While the U.S. is seeing a record number of COVID-19 vaccinations, with 4.6 million administered last Saturday alone, the nation is also experiencing a rise in cases. Of concern among health experts is the recent increase among teens and children, particularly in Michigan. Yahoo News Medical Contributor Dr. Kavita Patel explains why the number of infections is going up now, how the coronavirus variants come into play and what to know when it comes to youth activities.

Video Transcript

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DR ROCHELLE WALENSKY: Across the country we are hearing reports of clusters of cases associated with daycare centers and youth sports. Hospitals are seeing more and more younger adults, those in their 30s and 40s, admitted with severe disease. Data suggest this is all happening as we are seeing increasing prevalence of SARS-CoV-2 variants, with 52 jurisdictions now reporting cases of variants of concern.

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DR KAVITA PATEL: So it’s a combination of probably the fact that children before were infected but at a much lower rate, because they were not in school. They were not present during youth sports. We were not doing testing of children in the beginning regularly. So I would caution anybody from trying to compare it to a year ago. It is highly likely that children were asymptomatic. Carriers we certainly know this to be the case for children over the age of 12.

Also possible at younger ages, we have evidence that children under the age of 12 had high loads of the virus in their nose even without symptoms. And then number two, we are seeing stronger variants. So it’s possible that children all along the way have been infected with the variant. We know that the variants, especially B.1.1.7, is more infectious. And it’s more dominant across the US.

So you would imagine that it’s just going to infect everybody at a higher rate, especially those who are unvaccinated. And number three, many adults are getting vaccinated. And because the majority of older adults are being immunized, we are seeing these variants going into bodies that are not immunized. And that’s younger children. And those can manifest with different symptoms.

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So this is exactly why I think, even as we are vaccinated and getting more and more people vaccinated, we still have to be cautious and why we’ve been asking people to wear masks, even if they’re fully vaccinated outside of their household. I haven’t seen studies that show children are spreading it more easily. I have seen studies which reinforce that children can spread this to adults. And I do believe that the variants are a driver.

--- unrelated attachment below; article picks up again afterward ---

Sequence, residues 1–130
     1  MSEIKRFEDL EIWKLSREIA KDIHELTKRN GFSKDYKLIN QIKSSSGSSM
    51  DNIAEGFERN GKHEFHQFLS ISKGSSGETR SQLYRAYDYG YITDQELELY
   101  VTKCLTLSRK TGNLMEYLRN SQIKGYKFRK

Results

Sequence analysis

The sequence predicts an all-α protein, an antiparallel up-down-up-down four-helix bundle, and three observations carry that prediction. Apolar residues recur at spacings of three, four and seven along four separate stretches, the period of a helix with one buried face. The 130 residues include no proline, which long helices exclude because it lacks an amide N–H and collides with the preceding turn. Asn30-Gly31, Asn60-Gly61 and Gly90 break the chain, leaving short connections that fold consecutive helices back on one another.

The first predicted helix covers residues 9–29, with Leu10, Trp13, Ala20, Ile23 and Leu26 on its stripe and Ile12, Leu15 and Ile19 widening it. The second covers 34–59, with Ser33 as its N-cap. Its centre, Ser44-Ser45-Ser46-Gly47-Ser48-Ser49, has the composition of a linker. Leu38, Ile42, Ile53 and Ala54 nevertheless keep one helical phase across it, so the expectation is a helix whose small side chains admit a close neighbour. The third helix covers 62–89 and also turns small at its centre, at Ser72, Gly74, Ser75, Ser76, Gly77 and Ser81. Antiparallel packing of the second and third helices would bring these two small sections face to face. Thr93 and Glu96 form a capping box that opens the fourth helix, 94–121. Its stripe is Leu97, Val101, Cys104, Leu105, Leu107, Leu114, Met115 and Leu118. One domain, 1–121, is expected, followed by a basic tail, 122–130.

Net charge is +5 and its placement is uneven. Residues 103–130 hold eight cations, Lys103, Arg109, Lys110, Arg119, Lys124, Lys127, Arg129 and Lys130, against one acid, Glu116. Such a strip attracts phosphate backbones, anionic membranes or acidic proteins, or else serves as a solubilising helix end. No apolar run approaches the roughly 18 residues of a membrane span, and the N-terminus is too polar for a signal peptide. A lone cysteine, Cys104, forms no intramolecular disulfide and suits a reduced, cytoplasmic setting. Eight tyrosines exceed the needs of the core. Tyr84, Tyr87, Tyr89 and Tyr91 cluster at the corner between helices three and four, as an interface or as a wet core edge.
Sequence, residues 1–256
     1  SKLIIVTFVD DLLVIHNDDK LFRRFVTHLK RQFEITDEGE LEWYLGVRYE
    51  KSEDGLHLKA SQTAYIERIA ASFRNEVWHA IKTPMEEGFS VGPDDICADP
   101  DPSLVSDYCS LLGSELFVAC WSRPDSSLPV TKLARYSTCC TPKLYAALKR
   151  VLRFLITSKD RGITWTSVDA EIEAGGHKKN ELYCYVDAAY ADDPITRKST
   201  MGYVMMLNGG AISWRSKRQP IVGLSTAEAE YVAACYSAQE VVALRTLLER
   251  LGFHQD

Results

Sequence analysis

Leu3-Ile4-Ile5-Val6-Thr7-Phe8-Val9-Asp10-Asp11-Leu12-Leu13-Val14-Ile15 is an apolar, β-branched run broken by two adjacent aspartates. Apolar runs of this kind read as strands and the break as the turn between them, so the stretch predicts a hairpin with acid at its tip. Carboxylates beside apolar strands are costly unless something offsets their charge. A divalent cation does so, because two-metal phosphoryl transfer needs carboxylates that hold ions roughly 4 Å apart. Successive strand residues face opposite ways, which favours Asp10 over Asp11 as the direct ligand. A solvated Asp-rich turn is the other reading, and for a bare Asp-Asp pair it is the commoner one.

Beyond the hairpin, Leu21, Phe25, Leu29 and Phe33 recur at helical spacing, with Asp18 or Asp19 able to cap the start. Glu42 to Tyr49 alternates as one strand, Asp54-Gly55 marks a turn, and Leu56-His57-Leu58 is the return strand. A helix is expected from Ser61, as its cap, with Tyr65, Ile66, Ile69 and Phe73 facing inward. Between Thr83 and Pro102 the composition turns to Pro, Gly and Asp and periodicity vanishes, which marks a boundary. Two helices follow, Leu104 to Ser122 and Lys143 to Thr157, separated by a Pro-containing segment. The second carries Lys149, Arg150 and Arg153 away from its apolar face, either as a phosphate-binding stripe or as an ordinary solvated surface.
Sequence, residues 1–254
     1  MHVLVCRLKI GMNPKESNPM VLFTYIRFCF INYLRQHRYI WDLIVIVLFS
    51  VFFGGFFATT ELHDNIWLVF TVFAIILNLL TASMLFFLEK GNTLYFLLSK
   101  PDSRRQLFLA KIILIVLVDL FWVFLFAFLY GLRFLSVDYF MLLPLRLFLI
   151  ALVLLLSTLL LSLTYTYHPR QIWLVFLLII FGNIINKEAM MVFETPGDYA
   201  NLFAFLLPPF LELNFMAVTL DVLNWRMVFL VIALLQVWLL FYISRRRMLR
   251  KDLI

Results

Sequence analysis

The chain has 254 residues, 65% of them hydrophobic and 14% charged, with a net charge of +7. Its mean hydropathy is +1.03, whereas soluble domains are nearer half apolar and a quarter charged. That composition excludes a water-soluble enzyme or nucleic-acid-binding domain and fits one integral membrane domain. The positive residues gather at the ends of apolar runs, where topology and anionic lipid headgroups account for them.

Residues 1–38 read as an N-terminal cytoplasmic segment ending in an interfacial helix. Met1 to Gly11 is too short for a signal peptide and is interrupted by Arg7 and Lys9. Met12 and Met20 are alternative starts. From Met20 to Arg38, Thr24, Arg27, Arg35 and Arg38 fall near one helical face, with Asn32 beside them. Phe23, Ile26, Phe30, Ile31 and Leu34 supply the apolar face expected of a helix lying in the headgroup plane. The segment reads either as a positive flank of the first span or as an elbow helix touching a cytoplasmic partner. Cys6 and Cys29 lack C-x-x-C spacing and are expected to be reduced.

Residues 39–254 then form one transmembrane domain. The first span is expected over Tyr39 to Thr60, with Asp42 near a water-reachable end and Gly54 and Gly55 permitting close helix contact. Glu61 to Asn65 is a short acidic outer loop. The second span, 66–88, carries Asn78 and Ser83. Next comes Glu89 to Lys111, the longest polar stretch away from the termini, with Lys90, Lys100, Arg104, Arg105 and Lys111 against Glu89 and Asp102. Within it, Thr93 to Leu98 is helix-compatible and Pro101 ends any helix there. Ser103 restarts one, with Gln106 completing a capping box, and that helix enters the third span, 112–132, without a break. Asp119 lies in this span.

We used to feel like, with the previous strains, that it was really adult-to-child transmission that was responsible for daycares or schools. We are seeing that children-to-children, children-to-adults can happen. It’s been in the context of schools that have not had mitigation strategies and enforced them, like masks and distance, as well as contact sports, youth sports, teams, and people getting together, even if they’re outdoors.

And so that’s child-to-child transmission and, in some cases, child-to-adult. We have enough data to show that when schools keep to at least three feet of distance, making sure children are wearing masks, making sure that we have handwashing stations, that those are settings that are incredibly safe. So in-person learning to me is safe. It’s what happens outside the in-person learning. And that includes camp activities, as well as social and recreational activities like team sports.

Those would be activities that I would flag as higher risk. I would prioritize people putting kids back in school safely in person but minimizing those other high risk activities. And I would also argue, this is a good reminder, children can be tested. We should have testing protocols. If you are looking at attending camps or any of these in-person activities, ask about testing protocols. You can’t test your way out of coronavirus. But you can pick up cases that don’t have symptoms, and that can be very helpful.



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